The Average Gamer

Sony’s PSN Hacked – What Should You Do?

So, if you own a PlayStation 3 or have tried to download anything onto your PSP or PSP Go over the past 6 days, you probably noticed that you couldn’t connect to the PlayStation Network servers. Sony have finally explained why the PSN was taken down on their official PlayStation blog.

Basically, a hacker got into the system and probably has the following information from your account and any sub-accounts:

  • Your registered address
  • Country
  • Email address
  • Birthdate
  • PlayStation Network/Qriocity password – if you’ve
  • Login
  • Password security answers
  • Handle/PSN online ID

There’s no evidence this information was taken, but they can’t prove that it wasn’t:

  • Purchase history
  • Billing address
  • Credit card number (but not cvv2/security code)
  • Card expiration date

Also, your credit card details were encrypted.

Further details are in the Official PlayStation Outage FAQ.

Crap. So what do we do?

Don’t panic.

  1. If you used the same password on PSN that you did on other accounts, go into those accounts and change your password now There are great suggestions on choosing secure, memorable passwords at WikiHow. Applying an algorithm for each site is very useful and simple to remember.
  2. If you tend to use something like “Mother’s maiden name” for multiple accounts, go into those accounts and change your security question now.
  3. Most credit card companies now require extra checks for online shopping like Verified by Visa on top of the CVV2 code from the back of your card, so you don’t need to worry too much about shopping. Keep an eye on your statements for the next month anyway.
  4. However… with your DOB, billing address, card number and mother’s maiden name, the hackers may have enough info about you to lie their way into all sorts of things. I’d seek advice from your mortgage handler/personal banker/anyone else with important info. At the very least those people need a heads up that your info is no longer secure. They should be able to build other checks into their systems – I know my bank always ask for the amount and location of a recent withdrawal.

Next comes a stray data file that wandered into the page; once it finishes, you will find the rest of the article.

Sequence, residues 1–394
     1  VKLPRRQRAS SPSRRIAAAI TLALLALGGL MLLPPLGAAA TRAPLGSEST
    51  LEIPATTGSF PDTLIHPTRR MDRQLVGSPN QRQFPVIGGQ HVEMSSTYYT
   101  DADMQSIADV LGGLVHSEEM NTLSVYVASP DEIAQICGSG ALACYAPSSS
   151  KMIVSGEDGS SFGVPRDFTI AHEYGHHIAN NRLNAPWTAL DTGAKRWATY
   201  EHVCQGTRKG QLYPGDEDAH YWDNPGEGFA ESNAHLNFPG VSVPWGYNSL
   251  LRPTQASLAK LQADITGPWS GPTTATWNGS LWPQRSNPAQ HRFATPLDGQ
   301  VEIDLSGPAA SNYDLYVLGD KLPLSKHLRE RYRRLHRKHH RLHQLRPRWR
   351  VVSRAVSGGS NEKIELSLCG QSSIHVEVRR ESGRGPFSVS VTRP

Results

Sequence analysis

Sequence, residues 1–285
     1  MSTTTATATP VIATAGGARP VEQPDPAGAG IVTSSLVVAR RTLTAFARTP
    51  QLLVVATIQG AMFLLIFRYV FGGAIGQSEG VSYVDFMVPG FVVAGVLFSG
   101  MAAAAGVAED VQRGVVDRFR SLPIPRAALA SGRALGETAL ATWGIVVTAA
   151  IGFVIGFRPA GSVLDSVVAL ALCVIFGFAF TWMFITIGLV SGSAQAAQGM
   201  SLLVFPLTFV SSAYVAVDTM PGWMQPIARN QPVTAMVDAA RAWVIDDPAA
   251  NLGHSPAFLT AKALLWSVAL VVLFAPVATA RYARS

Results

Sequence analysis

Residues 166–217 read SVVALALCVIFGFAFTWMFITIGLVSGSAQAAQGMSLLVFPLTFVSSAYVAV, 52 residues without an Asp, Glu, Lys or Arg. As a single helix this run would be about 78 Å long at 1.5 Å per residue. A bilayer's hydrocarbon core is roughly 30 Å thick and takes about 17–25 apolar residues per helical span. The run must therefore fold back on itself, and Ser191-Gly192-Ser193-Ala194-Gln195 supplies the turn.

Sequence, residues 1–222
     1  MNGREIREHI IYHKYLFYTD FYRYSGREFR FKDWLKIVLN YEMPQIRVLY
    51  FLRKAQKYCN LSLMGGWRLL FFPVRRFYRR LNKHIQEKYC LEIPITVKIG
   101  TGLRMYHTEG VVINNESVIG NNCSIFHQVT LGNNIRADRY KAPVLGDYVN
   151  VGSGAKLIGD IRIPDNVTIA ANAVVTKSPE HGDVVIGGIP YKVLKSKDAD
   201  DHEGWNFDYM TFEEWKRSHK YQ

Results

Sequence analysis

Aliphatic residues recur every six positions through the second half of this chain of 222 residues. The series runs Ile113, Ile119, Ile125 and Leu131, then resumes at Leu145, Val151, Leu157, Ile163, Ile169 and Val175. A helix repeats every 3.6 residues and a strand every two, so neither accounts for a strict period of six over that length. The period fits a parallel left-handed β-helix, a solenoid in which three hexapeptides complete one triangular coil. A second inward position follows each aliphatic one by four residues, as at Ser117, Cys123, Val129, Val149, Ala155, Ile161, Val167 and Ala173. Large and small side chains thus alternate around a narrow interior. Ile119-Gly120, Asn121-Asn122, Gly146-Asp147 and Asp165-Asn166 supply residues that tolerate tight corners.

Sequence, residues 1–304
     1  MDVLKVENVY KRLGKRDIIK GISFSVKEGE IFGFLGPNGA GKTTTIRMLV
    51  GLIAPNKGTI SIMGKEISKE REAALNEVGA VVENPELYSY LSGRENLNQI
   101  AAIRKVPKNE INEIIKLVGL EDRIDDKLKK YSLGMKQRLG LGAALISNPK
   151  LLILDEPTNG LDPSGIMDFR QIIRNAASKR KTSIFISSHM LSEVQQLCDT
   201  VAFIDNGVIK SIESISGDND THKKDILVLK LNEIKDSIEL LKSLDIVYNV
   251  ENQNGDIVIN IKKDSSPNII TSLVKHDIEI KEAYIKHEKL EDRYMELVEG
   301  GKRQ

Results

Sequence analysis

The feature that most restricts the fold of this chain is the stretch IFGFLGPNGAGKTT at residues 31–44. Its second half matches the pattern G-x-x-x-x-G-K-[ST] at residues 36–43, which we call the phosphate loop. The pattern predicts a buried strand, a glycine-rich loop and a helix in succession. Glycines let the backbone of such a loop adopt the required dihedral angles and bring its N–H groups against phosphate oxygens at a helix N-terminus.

5. Your biggest risk is probably identity theft. Get a copy of your credit report from a credit reference agency like Experian, Call Credit or Equifax, in a few weeks time. Make sure there’s no unusual activity attached to your name – like unexplained queries or an extra mortgage. You can get further info on identity theft from
  6. For our American readers here are links to the credit reference agencies in your country – Equifax, Experian and TransUnion

If you’re thinking about removing your card details from other services like Xbox Live, check out our step-by-step guide here: How To Remove Your Credit Card Details from Xbox Live – ONLINE!. Xbox servers haven’t been compromised (hope I haven’t jinxed anything by saying that) but I appreciate that some of you may want to play it safe.

All the best. Hope this breach doesn’t cause you too much hassle.

What are the banks saying?

Banks are well aware of the situation so if you do call them, there’s no need to explain the whole thing. Just mention the PlayStation hacking.

I called Barclays fraud line and was given two options. When pressed, they refused to comment on the relative security of either option, or talk about the risk of identity theft and emphasised that the choice is up to me.

  1. I can ask for a replacement card, which will invalidate any payments on attempted on my current card. The new one will arrive within 2 working days.
  2. I can stick with my current card and monitor my statements. If I notice any fraudulent transactions and reports them, I will receive a refund within 5 working days.

According to Twitter reports, Ulster bank are recommending you cancel your card and Lloyds are saying that there’s no need to cancel.

Halifax has a verified Twitter account that agrees that there’s no need to cancel cards and go on to advise customers to change any passwords that were shared with PSN.